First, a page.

This is the continuation of my last posts which featured the first and second chapters of my book "Technomysticism". The next few chapters will arrive in the next few weeks.
Stanely Kubrick’s “2001: A Space Odyssey, begins with a sequence called “The Dawn of Man”. It is a somewhat peculiar segment of the film, which tells the story of two rival ape groups competing over control of some water puddle in the middle of prehistoric wilderness. Our story reaches its peak when sometime during the primate skirmish, one of the fighting apes grabs a bone and thrashes the leader of the second group of apes using it. The external organ gives the tool-using ape a insurmountable advantage and he drives away the rival apes. This, according to Kubrick, is the Dawn of Man.
But not only according to Kubrick. Different thinkers from Benjamin Franklin to Karl Marx, have defined Man as a Homo Faber, the one who uses tools. The study of evolution also refers to Homo Habilis, a name which literally means “Handy Man” as the first type of hominid. This, after all, is what separates human beings from animals, according to many. As Kubrick showed us, the ape becomes a human being only after he takes an object in his hand and starts using it. The appearance of Man is thus identical to the appearance of technology, non-biological technology. The vision of man, as presented here, is of man as a cyborg.
When Man became Machine
The world cyborg is an abbreviation of the words “cybernetic organism”, or simply put, a combination of organic living being and technology. The term was first coined in 1960 by Manfred Clynes and Nathan Kline as they tried to imagine humanity’s future in space as an integrated composition of man and machine.
The image of cyborg has become widely known in today’s popular culture, owing first and foremost to its popularity in science fiction. For example, Steve Austin, star of the 1970’s TV show “The Six Million Dollar Man”, was an astronaut who had been badly hit in an aerial accident and whose body had to be technologically rebuilt.
Ten years after Steve Austin, we met Robocop, a cop who was badly hurt during his work, and was re-engineered by scientists who wired his body with computers and pieces of metal. As a cyborg, he becomes the ultimate policing machine and the nightmare of
Marshall McLuhan was the first thinker who claimed that machines are extensions of our bodily organs. Machines, according to McLuhan, extend our organs: and so the wheel is an extension of our legs, the hammer an extension of the hand, clothing or housing, an extension of our skin and the world of electronic media is, according to McLuhan, an extension of our the nervous system. In fact, any person using a cell phone, a car or shoes is a cyborg, since these are technological organs which enable us to move beyond the limits of the human organism. At this stage of our discussion, however, many will undoubtedly raise an opposition against my line of argument. It is not intuitive to grasp how deep and far reaching our relation to the technological world is. “My mobile is not an organ, it is external to me and my body” one often says. “I can turn it off, or just not carry it with me. Hence it can’t be an organ.”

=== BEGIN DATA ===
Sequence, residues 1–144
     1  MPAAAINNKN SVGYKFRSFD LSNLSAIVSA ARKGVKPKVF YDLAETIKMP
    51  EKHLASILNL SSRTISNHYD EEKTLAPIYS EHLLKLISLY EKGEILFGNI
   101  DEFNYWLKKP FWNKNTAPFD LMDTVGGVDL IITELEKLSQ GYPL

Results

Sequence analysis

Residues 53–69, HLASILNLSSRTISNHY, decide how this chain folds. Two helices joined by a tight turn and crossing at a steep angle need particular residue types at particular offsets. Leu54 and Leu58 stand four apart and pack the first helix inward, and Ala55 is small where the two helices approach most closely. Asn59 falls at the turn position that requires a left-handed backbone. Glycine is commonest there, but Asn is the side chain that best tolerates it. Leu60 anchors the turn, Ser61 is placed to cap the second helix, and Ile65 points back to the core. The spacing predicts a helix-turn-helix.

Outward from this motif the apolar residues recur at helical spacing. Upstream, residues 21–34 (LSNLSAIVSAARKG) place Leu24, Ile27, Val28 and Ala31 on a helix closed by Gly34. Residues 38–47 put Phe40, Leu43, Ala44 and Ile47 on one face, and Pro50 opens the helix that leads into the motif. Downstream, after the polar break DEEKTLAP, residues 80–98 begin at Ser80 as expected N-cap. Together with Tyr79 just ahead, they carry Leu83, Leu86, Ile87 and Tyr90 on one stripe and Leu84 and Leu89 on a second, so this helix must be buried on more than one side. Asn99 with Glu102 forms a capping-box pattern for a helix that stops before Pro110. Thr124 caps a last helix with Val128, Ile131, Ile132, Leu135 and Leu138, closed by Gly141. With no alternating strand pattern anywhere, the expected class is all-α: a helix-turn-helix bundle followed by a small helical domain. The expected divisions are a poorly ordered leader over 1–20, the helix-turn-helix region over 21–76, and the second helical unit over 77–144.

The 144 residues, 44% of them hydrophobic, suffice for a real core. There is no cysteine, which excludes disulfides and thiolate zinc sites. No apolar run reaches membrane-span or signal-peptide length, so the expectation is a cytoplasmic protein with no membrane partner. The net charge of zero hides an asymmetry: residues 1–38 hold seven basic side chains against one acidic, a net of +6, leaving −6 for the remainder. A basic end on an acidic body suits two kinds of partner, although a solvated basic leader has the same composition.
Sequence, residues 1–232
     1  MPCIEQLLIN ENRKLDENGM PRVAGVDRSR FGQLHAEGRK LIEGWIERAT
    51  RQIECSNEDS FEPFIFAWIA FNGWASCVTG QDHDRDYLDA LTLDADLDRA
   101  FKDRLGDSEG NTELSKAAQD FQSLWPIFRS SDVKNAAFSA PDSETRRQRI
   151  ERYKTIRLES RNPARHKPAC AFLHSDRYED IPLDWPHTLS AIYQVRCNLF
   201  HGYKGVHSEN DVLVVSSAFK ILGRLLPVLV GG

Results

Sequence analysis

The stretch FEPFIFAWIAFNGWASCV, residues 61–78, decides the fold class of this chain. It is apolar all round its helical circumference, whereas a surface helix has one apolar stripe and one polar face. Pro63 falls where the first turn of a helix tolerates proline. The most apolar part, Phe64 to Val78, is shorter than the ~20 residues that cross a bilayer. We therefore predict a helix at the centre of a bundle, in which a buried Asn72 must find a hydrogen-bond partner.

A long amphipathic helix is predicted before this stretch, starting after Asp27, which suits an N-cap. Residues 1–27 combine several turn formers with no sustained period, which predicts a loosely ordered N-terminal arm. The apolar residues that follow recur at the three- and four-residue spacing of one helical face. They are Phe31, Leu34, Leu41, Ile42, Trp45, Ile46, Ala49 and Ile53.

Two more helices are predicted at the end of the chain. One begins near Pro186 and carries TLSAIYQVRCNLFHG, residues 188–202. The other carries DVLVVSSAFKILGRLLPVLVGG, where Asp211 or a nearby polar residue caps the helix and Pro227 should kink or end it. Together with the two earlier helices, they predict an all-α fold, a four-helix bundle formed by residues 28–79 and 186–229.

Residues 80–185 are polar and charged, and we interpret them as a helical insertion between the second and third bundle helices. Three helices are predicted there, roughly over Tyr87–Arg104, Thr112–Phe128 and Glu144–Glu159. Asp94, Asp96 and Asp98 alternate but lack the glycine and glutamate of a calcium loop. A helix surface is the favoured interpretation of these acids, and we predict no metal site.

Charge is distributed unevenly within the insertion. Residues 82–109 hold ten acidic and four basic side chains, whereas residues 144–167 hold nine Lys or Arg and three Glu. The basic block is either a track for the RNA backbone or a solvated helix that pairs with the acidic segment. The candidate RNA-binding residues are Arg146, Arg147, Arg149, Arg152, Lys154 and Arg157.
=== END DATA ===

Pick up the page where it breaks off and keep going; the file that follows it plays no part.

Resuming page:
In order to understand how a mobile phone can be an organ, one must first realize what an organ is, and here we must get back to our definition of technology as multiplicity, and as unity’s way of coping with it’s becoming many.
Let us first begin by noting that our felt experience of living in the world is that of being a single entity: Someone who is a whole. However, despite being whole, it is evident that we are also complex. It is difficult, essentially impossible, to isolate the source of the unity which is in us and to find the basis of our experience of a self. For example, when I visit the lavatory and eject pieces of myself, or when I go to the hair salon and segments of my hair fall down, I do not, even for one moment, question the fact that I am still myself, although portions which were an integral part of my body a moment ago have now been made external and no longer belong to me. If you take away my legs or hands I will probably still insist that I am still me. I would persist in claiming my identity even if you would take my sense of seeing. But what happens if motor ability were to be impaired? And if my speech center would stop functioning? Or if my emotional centers would go out of order? When would I stop being myself? Where does that self exist? Where is the place where the self is focused? It seems quite evident that in a situation in which my motor, intellectual, emotional and spiritual capacities were all taken away from me, I would not really be myself. But where does one draw the line? Where do “I” start where do “I” end?